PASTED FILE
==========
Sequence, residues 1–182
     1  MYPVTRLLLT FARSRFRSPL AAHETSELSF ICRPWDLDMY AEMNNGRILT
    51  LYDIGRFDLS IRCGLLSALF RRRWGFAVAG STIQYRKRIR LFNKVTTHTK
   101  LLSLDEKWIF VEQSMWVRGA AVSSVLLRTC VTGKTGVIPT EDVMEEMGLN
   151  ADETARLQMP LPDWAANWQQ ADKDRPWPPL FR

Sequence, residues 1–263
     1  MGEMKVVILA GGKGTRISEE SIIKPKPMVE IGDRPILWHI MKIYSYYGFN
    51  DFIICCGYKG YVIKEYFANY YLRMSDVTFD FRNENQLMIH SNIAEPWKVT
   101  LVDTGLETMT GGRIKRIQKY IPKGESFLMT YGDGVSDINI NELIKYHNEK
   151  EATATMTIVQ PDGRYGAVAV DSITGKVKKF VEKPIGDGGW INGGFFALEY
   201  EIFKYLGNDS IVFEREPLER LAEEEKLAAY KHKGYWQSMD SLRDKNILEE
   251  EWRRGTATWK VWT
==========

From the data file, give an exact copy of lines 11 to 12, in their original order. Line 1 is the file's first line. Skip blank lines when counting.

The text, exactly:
   201  EIFKYLGNDS IVFEREPLER LAEEEKLAAY KHKGYWQSMD SLRDKNILEE
   251  EWRRGTATWK VWT